Wednesday, April 15, 2009

Party On!

Today is the day of the tea parties, the conservative protest against taxes in general and the obvious fascism of the Obama administration in particular, and the parties are getting their due attention from the media (which sort of ignored the gigantic women's rights march in the past), even though numbers turning up are not earth-shattering. But this really is a great hat:

Grover (drown-the-government-in-a-bathtub) Norquist on this important day:

Today is tax day. I just returned from the tea party rally at Lafayette Park. Despite the rain there were about a thousand folks at the Washington rally. Focus was on runaway spending in Washington and the taxes that will follow as a result.

So short are our memories about runaway government spending, especially if it ran abroad to be spent in Iraq!

Here's the NYT on all this partying:

Although organizers insisted they had created a non-partisan grassroots movement, it was argued by others that these parties were more of the synthetic "Game Day Grass" variety, since the occasion was largely created by the clamor of cable news and fueled with the financial and political support of current and former Republican leaders.

Fox News was covering the events and streaming live video as its own commentators Neil Cavuto and Michelle Malkin were headlining the protests in Sacramento, Sean Hannity appeared in Atlanta, and Newt Gingrich showed up at City Hall Park in New York. The web site listed its sponsors, which ranged from FreedomWorks, founded by former House Majority Leader, Dick Armey (R-Texas), Top Conservatives on Twitter, to RNC, to the book from Senator Jim Demint of South Carolina, "Saving Freedom," giving his "firsthand account of the unsettling socialist shift."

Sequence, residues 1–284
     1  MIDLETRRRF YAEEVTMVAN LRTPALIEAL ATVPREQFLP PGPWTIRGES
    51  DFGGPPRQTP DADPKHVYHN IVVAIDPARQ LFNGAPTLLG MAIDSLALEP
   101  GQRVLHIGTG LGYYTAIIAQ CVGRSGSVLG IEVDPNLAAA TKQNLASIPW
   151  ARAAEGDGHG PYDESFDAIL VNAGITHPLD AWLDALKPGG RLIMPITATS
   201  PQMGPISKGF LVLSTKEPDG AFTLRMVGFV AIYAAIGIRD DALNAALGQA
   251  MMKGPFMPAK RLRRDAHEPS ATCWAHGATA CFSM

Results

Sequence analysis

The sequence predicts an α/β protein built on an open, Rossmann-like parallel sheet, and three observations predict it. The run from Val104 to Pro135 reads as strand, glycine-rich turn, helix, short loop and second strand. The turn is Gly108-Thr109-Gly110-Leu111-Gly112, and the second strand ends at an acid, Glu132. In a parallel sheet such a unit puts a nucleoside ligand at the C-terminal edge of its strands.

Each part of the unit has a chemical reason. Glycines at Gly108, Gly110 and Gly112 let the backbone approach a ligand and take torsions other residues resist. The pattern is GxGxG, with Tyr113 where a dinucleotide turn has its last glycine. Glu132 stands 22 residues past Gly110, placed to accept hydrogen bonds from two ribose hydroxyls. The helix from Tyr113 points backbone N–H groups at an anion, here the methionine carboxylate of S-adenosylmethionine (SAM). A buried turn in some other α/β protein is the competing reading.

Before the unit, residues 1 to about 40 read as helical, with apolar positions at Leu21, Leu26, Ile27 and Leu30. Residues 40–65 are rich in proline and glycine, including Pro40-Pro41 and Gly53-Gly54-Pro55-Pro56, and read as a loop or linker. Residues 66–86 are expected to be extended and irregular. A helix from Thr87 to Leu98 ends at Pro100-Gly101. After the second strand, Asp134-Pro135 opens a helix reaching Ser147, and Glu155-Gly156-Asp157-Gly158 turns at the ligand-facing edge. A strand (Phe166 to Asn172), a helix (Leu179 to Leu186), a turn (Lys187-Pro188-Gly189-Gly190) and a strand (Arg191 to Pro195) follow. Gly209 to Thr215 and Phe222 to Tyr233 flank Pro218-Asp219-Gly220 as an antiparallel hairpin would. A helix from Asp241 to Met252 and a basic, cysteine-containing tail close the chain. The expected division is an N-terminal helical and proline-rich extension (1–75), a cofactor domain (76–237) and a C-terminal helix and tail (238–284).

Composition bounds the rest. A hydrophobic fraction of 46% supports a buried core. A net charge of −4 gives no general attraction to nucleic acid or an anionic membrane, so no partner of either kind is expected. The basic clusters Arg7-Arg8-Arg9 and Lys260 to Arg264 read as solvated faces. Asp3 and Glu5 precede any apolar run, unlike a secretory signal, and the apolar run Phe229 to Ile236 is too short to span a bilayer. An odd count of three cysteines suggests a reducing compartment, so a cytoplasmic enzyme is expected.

The idea for these demonstrations grew out of a rant from CNBC commentator Rick Santelli, who on Feb. 19 at the Chicago Mercantile Exchange said that the Obama administration was promoting "bad behavior" and that Americans should protest government in the form of a tea party in Chicago. The clip went viral and spawned a movement, of sorts, and earlier protests, in cities like Cincinnati, Green Bay, Wis., and Harrisburg, Pa.

"Our main goal as far as a national organization — although that's a tough term to use since we wish we were organized better than we were — is just to facilitate an environment where a new movement would be born," Eric Odom, the administrator of, said in a brief interview on Wednesday morning. "We're confident that we'll see taxpayer coalitions at the local level starting tomorrow."

But it was hard to determine from the modest turnouts by mid-day (especially in the rain-soaked East) just how effective they would be. In Boston, which held its protest in Boston Common, near the State House, about 500 people showed up, fewer than the 1,500 that had responded on the internet.

Watertiger has a funny sign from one party.